That is extraordinary bravery and strength in an ordinary life.  And that is always how I will remember my father – as a brave, strong man who, despite his physical afflictions, lived a life of faith, hope, and love for the sake of his family.

I have only a small measure of my father’s profound faith, and mine is shaky at best.  I am cynical and jaded, and have been known in the past to consider love as being both arduous and futile.  But being my father’s daughter means I have more of him in me than I think or than is outwardly recognisable.  I may not have had much time with him, but I have a lifetime ahead to appreciate and treasure his legacy.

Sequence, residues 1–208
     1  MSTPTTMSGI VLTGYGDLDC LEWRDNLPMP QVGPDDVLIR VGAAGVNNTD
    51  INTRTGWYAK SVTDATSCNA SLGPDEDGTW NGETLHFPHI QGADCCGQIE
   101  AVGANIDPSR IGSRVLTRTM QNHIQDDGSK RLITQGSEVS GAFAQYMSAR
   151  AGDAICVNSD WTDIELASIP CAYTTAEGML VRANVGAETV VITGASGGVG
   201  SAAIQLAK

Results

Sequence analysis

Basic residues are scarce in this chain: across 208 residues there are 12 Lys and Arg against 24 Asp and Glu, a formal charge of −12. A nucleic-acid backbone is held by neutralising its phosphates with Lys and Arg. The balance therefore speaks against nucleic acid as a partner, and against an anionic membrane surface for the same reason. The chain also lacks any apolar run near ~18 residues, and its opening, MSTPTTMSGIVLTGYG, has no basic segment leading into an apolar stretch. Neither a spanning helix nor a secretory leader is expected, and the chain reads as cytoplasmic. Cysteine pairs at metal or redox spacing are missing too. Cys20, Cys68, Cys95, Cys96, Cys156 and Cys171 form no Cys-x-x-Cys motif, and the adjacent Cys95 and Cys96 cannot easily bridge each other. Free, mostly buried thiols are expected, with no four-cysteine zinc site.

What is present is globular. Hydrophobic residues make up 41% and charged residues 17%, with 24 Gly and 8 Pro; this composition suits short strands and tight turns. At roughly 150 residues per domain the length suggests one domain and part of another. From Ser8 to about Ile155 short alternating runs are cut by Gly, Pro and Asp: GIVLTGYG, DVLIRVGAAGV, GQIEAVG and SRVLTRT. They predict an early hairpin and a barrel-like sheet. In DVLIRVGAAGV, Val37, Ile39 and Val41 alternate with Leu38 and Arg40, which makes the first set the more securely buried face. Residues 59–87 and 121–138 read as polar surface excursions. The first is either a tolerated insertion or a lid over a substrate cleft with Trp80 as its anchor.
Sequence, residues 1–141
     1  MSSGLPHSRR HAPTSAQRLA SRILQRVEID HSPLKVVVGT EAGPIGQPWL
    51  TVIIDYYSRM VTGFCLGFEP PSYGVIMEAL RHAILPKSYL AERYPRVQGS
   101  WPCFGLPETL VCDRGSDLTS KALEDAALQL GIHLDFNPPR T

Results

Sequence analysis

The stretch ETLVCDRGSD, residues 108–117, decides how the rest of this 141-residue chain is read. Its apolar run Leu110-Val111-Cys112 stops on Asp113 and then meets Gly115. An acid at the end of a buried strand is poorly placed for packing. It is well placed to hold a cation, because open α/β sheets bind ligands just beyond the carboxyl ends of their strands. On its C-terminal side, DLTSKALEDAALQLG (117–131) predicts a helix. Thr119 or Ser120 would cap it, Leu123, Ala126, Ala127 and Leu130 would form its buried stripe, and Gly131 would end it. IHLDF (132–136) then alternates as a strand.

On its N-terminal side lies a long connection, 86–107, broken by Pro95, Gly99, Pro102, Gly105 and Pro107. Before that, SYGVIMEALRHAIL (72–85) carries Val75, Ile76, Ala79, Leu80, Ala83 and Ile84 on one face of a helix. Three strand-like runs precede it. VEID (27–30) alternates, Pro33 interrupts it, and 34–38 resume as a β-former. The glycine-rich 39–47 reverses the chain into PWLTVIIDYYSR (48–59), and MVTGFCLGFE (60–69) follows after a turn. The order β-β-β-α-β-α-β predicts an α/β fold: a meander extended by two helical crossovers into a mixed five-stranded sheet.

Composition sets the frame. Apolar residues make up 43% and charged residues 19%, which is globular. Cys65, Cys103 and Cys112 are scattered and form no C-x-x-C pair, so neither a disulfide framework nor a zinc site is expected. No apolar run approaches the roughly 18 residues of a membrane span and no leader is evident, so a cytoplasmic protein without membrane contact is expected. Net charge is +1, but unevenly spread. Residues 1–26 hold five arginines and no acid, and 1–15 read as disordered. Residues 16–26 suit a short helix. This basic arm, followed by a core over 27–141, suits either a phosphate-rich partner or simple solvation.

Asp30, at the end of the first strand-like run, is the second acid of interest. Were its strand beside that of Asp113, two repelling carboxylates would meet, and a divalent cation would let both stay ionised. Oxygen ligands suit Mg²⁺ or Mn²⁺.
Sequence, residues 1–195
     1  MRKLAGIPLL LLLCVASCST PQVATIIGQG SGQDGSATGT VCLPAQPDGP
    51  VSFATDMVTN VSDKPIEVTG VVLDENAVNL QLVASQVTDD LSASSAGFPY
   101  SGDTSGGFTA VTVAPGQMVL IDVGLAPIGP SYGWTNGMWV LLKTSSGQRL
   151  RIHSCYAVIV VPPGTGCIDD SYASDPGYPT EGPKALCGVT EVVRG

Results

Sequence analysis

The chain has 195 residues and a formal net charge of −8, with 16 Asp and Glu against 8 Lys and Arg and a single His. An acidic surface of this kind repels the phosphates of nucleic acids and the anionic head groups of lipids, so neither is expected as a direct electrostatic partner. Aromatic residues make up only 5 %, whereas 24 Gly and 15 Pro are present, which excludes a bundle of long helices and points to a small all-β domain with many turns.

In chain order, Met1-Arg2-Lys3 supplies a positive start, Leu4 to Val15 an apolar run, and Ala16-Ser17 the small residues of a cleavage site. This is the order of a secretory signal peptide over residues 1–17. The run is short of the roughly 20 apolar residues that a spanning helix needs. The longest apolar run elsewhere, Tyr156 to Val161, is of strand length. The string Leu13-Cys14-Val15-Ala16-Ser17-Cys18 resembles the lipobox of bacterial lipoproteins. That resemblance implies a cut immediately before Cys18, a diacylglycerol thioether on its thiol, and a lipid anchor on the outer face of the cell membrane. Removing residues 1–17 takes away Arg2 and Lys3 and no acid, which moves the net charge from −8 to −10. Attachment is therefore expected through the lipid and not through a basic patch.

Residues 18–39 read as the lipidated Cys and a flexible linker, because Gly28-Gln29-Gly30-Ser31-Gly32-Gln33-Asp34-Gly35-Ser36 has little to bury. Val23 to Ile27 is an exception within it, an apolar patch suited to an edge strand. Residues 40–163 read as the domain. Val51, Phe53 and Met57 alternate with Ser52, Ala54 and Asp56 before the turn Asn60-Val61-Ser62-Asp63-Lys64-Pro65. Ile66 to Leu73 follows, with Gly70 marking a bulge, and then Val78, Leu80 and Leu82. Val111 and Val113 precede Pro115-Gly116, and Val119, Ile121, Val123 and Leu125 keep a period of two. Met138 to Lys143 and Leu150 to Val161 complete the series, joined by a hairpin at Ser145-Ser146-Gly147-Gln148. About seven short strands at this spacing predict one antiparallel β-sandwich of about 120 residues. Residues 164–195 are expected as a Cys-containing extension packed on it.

It is a simple legacy – but then again, “all the greatest things are simple, and many can be expressed in a single word.”  In my father’s case, there are four words that will always come to mind when I think of him.

Bravery.  Fortitude.  Perseverance.  Strength.

And so, on the side of my right thigh, more or less in the middle, is a tattoo:  a green infinity symbol, with one side twisting into the word “brave” and the other side adorned by a red poppy.  It is the second of three tattoos that I have, and I had it done in August 2012, some months after I said my last farewell to my father in the Notre-Dame-des-Neiges Cemetery here in Montréal.  It is not a tattoo that was picked out of a book or drawn out of whimsy onto a napkin.  It is a reminder of my father – because to me, José Victor Olaguera was known simply as “Poppie,” and for me, he was a man who was, until his last breath, forever brave.